The best nonfiction books about turncoat American spies

The Books I Picked & Why

Wild Rose: The True Story of a Civil War Spy

By Ann Blackman

Book cover of Wild Rose: The True Story of a Civil War Spy

Why this book?

Maybe it’s just me, but I tend to think of spies as cloak-and-dagger types driving Jaguars and carrying machine pistols and exploding gadgets. But spying really is the second-oldest profession. Ann Blackman’s beautifully told narrative of Washington socialite Rose O’Neal Greenhow, who became a highly successful Confederate spy during the Civil War, is a good reminder that a smart, deceptive human – female or male – can change the course of wars.


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The Falcon and the Snowman: A True Story of Friendship and Espionage

By Robert Lindsey

Book cover of The Falcon and the Snowman: A True Story of Friendship and Espionage

Why this book?

This book is an Edgar-winning masterwork of narrative nonfiction, a blistering account of Cold War espionage committed by a pair of twentysomethings in Southern California. Christopher Boyce, who had access to CIA files while working for the defense contractor TRW, secretly copied files and gave them to his friend Andrew Daulton Lee, who sold them to Soviet officials in Mexico City. The United States disrupted the plot and sent Boyce and Lee to prison. 

My publisher sent author Robert Lindsey an advance copy of my book, who wrote such a flattering blurb about it that I felt the need to thank him. We met in Carmel, California, where Lindsey signed my copy of The Falcon and the Snowman. Coincidentally, I later got to know Chris Boyce as I wrote stories about him in The Oregonian after his release from prison.


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Confessions of a Spy: The Real Story of Aldrich Ames

By Pete Earley

Book cover of Confessions of a Spy: The Real Story of Aldrich Ames

Why this book?

Pete Earley, one of America’s best spy writers, authored two excellent books on espionage: Confessions of a Spy and Family of Spies: Inside the John Walker Spy Ring. But for my money, the Ames book is the better of them because Earley – one helluva reporter – talked his way into a long series of exclusive interviews with the disgraced CIA officer.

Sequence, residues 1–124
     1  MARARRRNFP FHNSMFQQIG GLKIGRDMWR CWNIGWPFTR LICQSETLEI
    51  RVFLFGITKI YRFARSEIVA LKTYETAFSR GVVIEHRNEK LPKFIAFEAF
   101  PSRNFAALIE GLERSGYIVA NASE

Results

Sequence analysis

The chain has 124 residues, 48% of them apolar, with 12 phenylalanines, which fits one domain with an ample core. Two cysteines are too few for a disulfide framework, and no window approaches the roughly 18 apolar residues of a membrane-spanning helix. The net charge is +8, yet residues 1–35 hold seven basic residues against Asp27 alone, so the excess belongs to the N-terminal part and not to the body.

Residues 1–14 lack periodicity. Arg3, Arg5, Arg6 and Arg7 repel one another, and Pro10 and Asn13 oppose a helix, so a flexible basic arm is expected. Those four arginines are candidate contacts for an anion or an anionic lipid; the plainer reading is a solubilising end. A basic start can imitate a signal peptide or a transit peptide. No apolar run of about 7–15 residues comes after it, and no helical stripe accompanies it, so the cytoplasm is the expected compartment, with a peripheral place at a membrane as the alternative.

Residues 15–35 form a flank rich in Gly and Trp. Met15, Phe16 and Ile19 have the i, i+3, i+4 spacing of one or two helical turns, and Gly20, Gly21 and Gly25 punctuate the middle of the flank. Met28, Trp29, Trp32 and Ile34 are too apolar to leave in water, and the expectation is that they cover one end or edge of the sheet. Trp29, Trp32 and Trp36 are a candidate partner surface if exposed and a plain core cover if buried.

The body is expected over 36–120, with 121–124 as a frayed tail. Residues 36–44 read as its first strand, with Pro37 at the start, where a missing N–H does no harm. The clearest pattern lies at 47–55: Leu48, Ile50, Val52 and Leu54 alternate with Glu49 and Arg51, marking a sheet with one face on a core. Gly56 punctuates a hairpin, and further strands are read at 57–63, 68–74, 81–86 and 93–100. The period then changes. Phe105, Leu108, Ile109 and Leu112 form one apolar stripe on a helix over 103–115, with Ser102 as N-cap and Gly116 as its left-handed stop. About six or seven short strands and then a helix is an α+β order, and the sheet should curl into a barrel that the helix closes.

Ames, who betrayed to Moscow the identities of Russian spies secretly working for the U.S. (causing at least 10 of them to be killed), gave Earley more than 50 hours of his time behind bars. He did not race to print with the story (as other authors had), but interviewed Ames’s Russian handlers and the brilliant CIA team that identified him as the mole in its midst.


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The Spy Who Got Away

By David Wise

Book cover of The Spy Who Got Away

Why this book?

David Wise became the first Western journalist to interview former CIA officer Edward Lee Howard, who defected to Moscow on the KGB’s dime. Wise penned a slew of excellent nonfiction spy books before his death in 2018, but I believe his keen-eyed narrative skills and vivid portrait of Cold War espionage make The Spy Who Got Away his best in show.

Wise recounts Howard’s career in the CIA, which fired him in 1983 for alleged drug abuse, and the FBI’s subsequent investigation of his illegal ties to the KGB. But his story takes a cool, cinematic turn as he describes the way Howard slipped FBI surveillance – propping up a dummy in the front passenger seat of a speeding 1979 Oldsmobile – and jumping out of the car to escape to Moscow.


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The Bureau and the Mole: The Unmasking of Robert Philip Hanssen, the Most Dangerous Double Agent in FBI History

By David A Vise

Book cover of The Bureau and the Mole: The Unmasking of Robert Philip Hanssen, the Most Dangerous Double Agent in FBI History

Why this book?

This is a solemn, unflinching portal into the creepy, complicated life of former FBI agent Robert Hanssen, who picked his nation’s pockets of secrets from 1979 to 2001 and sold them to the KGB and SVR in Washington, D.C. 

Vise’s book achieves a novelistic feel because he has a brilliant eye for the telling detail. For example, he could have just written that Hanssen’s wife Bonnie worried that he failed to make it home for Sunday supper on February 18, 2001 (the day of his arrest). But Vise builds dramatic tension, noting that Hanssen was always on time, that Bonnie phoned his cell phone (it was dead), served one of her specialties (Moroccan beef over rice), and prayed he had not died of a heart attack (because he suffered arrhythmia).


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